Tuning microenvironment modulus and biochemical composition promotes human mesenchymal stem cell tenogenic differentiation.
Mesenchymal stem cells (MSCs) are promising for the regeneration of tendon and ligament tissues. In order for MSCs to differentiate to tendon tissue, they require appropriate environmental cues. Here, we utilized a mathematical design of experiments to examine the effects that different combinations of environmental stimuli have on MSC differentiation into tendon and ligament tissues. Specifically, we used different chemistries to make 3D culture systems that differed in stiffness and ratios of incorporated MSC-binding molecules. We found that MSCs tenogenic/ligamentogenic gene expression was altered in response to stiffness of the 3D culture system as well as other contact cues that were incorporated into the 3D culture. These findings could inform the design of materials for tendon/ligament regeneration.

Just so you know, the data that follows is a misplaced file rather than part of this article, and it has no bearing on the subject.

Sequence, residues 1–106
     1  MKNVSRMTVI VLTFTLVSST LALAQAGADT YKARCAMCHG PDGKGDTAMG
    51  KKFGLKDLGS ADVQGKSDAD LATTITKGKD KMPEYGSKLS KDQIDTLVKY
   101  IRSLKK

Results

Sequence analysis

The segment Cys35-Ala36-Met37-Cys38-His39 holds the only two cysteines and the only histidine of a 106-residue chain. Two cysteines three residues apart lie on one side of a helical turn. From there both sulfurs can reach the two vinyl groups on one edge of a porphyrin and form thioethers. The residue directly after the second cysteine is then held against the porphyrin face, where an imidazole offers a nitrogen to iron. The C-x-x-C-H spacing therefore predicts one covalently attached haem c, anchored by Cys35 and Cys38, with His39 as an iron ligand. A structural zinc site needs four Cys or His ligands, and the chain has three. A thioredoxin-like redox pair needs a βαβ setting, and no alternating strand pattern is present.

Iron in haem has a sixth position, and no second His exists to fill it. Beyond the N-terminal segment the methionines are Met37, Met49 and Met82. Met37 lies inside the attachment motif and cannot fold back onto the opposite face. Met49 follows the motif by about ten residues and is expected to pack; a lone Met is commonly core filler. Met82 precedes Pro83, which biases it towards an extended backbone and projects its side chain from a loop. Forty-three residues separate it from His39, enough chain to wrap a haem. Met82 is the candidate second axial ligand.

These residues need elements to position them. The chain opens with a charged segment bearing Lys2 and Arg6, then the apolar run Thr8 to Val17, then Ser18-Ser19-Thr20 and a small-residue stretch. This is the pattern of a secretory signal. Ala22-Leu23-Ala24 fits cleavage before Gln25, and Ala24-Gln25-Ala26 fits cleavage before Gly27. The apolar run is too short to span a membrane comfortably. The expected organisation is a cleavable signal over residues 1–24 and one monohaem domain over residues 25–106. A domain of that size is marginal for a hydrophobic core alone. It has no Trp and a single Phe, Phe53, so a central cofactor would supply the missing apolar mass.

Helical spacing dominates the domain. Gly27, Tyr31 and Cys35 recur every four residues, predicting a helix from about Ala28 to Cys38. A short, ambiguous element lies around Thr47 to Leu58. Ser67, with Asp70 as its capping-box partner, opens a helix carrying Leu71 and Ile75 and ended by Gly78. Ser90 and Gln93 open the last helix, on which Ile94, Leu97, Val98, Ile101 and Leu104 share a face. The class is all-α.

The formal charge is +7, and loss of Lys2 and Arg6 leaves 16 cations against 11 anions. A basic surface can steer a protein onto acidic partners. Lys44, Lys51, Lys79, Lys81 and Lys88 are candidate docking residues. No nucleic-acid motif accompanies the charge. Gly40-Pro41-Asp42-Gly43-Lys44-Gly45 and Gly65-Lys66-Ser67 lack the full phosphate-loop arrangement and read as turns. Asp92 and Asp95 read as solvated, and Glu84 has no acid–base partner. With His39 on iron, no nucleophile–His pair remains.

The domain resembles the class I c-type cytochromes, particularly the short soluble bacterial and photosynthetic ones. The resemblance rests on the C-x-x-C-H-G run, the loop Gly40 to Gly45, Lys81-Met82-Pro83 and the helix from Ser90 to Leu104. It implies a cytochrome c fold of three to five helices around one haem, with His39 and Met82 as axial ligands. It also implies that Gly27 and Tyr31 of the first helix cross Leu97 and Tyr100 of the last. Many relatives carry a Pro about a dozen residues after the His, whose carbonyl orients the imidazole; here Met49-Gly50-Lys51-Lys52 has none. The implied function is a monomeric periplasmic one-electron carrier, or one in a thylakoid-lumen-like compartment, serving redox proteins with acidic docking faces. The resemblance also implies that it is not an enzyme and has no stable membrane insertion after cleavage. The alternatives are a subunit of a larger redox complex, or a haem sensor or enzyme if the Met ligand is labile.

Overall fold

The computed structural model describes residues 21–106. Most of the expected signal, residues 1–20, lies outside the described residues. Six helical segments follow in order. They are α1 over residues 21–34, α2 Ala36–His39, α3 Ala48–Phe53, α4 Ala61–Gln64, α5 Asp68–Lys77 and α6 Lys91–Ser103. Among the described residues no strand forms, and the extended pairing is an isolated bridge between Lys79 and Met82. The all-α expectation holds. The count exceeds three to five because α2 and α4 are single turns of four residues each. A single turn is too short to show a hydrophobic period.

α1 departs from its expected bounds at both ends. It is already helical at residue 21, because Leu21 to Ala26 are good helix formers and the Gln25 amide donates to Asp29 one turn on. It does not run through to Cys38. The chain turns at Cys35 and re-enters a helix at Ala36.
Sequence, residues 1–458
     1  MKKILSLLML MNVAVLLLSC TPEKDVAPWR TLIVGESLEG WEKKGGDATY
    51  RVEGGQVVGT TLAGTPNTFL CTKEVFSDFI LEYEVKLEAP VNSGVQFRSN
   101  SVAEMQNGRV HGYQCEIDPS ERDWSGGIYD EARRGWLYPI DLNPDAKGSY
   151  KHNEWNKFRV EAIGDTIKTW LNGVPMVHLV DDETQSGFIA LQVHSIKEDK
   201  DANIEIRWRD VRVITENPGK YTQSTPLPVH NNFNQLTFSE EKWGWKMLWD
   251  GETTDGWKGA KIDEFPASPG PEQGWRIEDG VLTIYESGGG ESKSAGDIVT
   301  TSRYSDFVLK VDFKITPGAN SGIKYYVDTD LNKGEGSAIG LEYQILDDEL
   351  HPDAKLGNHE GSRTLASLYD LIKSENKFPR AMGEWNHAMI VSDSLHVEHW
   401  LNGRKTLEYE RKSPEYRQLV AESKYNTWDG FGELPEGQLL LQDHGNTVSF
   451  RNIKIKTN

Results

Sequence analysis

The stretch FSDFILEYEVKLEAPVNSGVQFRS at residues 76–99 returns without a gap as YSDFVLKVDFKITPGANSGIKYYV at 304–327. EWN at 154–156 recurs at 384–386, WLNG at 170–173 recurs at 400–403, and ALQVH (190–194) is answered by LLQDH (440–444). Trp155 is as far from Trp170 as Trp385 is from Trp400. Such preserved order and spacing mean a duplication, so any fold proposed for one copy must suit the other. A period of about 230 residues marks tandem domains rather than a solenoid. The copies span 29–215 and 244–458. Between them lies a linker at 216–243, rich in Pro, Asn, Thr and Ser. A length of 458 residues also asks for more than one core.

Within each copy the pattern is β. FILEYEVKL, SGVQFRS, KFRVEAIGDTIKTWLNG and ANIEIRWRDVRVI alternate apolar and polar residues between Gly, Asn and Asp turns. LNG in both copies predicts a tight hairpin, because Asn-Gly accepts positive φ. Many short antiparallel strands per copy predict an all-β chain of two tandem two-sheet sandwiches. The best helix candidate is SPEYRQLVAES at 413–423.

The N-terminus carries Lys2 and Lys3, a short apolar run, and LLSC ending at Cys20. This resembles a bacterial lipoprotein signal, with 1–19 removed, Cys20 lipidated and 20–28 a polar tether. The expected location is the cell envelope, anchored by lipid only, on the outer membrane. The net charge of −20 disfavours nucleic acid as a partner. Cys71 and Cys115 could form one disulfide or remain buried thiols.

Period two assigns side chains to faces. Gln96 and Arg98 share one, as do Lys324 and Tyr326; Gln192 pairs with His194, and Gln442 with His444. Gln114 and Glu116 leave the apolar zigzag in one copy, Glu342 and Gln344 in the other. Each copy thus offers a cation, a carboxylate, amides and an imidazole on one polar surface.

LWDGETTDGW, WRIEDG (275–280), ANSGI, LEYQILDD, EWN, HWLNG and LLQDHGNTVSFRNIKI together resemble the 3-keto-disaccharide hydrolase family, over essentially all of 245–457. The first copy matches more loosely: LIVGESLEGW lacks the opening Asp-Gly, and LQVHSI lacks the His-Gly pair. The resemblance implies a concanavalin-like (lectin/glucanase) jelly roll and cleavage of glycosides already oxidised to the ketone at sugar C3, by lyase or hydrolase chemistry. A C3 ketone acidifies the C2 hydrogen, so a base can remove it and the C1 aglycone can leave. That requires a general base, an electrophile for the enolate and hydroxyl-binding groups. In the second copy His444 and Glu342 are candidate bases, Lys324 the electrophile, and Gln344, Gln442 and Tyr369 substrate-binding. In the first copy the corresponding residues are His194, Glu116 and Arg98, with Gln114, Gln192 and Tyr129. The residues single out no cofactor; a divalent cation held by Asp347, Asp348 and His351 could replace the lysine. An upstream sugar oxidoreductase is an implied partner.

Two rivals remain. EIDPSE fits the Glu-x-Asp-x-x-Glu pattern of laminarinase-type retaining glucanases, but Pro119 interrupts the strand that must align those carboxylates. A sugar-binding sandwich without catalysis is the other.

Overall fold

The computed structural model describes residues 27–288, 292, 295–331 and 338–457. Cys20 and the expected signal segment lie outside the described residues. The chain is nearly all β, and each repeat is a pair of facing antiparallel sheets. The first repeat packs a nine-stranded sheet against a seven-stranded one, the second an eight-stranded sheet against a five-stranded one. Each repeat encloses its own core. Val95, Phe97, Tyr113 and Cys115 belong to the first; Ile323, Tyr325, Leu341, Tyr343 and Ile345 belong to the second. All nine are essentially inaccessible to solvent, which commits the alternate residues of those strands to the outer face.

Mesenchymal stem cells (MSCs) are promising for the regeneration of tendon and ligament tissues. Toward realizing this potential, microenvironment conditions are needed for promoting robust lineage-specific differentiation into tenocytes/ligament fibroblasts. Here, we utilized a statistical design of experiments approach to examine combinations of matrix modulus, composition, and soluble factors in human MSC tenogenic/ligamentogenic differentiation. Specifically, well-defined poly(ethylene glycol)-based hydrogels were synthesized using thiol-ene chemistry providing a bioinert base for probing cell response to extracellular matrix cues. Monomer concentrations were varied to achieve a range of matrix moduli (E approximately 10-90 kPa), and different ratios of integrin-binding peptides were incorporated (GFOGER and RGDS for collagen and fibronectin, respectively), mimicking aspects of developing tendon/ligament tissue. A face-centered central composite response surface design was utilized to understand the contributions of these cues to human MSC differentiation in the presence of soluble factors identified to promote tenogenesis/ligamentogenesis (BMP-13 and ascorbic acid). Increasing modulus and collagen mimetic peptide content increased relevant gene expression and protein production or retention (scleraxis, collagen I, tenascin-C). These findings could inform the design of materials for tendon/ligament regeneration. More broadly, the design of experiments enabled efficient data acquisition and analysis, requiring fewer replicates than if each factor had been varied one at a time. This approach can be combined with other stimuli (for example, mechanical stimulation) toward a better mechanistic understanding of differentiation down these challenging lineages. (c) 2016 Wiley Periodicals, Inc. J Biomed Mater Res Part A: 104A: 1162-1174, 2016.